Under its policy, Visa charges credit card issuing banks 0.8 percent of the purchase price when card users in one country purchase merchandise or services from another country using the same currency (called a single-currency transaction). Visa defines an international transaction as one where the credit card issuing bank and the merchant's bank are located in different countries. When currency conversion is necessary, the 1 percent fee is applied instead.
MasterCard also charges 1 percent for currency conversion and a lesser percent when no conversion is necessary on a cross-border transaction. MasterCard's cross-border fee has been in effect since 2005.
Foreign transaction fees have received a lot of attention in recent months because millions of consumers were eligible for refunds of currency conversion fees charged on Visa, MasterCard and Diners Club cards. The credit card companies agreed to a $336 million settlement in an antitrust lawsuit that claimed fees ranging from 1 percent to 3 percent were passed on to customers without their knowledge.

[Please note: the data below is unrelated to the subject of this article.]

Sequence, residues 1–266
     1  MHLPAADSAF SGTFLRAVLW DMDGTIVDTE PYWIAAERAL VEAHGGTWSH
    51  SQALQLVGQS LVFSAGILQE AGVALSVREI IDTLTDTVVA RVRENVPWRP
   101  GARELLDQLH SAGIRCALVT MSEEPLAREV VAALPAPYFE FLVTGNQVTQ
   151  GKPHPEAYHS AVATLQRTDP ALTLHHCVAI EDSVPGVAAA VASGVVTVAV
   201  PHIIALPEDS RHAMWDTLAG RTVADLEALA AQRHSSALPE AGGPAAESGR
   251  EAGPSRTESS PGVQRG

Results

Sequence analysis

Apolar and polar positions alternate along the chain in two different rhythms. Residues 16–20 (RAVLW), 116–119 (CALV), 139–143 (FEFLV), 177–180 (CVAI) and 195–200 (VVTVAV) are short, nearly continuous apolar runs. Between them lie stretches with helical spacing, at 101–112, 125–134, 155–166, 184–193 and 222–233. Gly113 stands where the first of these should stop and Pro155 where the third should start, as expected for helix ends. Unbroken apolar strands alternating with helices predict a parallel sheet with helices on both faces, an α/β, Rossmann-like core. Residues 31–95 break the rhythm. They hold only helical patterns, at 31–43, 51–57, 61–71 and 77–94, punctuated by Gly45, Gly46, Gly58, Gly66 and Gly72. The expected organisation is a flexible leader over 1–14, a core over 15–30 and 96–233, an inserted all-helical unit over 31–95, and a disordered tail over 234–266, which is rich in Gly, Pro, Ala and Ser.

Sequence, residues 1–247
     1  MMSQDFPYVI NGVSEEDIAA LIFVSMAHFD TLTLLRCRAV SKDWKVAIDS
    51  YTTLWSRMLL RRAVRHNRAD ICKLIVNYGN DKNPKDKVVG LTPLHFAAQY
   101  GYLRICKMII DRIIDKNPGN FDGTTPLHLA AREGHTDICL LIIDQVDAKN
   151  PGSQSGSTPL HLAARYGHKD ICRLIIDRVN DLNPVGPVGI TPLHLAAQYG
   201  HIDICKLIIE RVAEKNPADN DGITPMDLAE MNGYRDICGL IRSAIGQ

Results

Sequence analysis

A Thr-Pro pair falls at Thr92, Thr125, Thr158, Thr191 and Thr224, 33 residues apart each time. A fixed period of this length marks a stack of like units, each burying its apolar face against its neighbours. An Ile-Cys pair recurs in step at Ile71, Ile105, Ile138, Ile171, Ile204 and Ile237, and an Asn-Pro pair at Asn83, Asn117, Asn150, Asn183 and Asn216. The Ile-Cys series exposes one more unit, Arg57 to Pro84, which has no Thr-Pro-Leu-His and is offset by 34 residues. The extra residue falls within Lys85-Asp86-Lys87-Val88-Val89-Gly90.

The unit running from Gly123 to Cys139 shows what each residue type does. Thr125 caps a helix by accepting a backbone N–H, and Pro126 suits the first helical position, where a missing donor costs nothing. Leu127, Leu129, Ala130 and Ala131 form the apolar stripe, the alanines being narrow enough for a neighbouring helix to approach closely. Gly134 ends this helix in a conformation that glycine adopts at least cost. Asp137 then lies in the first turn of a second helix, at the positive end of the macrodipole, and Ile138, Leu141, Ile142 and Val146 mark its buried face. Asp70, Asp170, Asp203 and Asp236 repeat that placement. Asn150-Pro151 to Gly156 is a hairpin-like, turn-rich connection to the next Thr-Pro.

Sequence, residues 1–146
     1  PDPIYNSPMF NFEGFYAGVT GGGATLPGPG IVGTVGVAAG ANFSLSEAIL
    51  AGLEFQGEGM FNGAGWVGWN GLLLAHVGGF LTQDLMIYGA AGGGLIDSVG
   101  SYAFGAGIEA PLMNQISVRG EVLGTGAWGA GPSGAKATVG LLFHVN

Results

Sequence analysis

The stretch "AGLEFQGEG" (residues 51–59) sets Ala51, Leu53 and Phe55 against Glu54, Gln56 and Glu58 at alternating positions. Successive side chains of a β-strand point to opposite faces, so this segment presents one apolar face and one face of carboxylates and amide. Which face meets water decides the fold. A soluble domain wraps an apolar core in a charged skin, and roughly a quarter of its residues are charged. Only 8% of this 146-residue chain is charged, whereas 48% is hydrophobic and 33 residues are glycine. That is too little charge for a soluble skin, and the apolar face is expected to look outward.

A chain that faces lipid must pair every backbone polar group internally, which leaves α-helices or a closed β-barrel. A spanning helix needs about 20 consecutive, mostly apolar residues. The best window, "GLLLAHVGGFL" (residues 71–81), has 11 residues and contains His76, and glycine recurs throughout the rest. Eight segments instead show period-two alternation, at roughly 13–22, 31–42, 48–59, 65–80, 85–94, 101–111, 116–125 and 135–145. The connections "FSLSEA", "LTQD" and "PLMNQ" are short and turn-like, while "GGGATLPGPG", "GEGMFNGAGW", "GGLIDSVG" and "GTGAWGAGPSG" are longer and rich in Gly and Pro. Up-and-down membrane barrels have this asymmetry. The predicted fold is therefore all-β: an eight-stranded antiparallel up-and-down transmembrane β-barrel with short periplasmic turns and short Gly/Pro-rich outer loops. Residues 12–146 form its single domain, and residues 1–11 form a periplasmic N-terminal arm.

Two federal laws -- the Truth in Lending Act (Regulation E and Regulation Z) and the Truth in Savings Act -- require banks and financial institutions to disclose when such fees are passed on to debit card and credit card holders. Visa and MasterCard also have these clauses in the their agreements with issuing banks to disclose fees.
Karl Leslie, a senior attorney with Wolters Kluwer Financial Services, a consulting firm that offers advice and products to help financial institutions comply with federal and state laws, says the single-currency fees were likely developed by the card networks to close a loophole that some foreign merchants had begun to use.
"Some foreign merchants were agreeing to do transactions in U.S. dollars, which of course would circumvent the currency conversion fee," says Leslie.
See related: Foreign transaction fees on the wane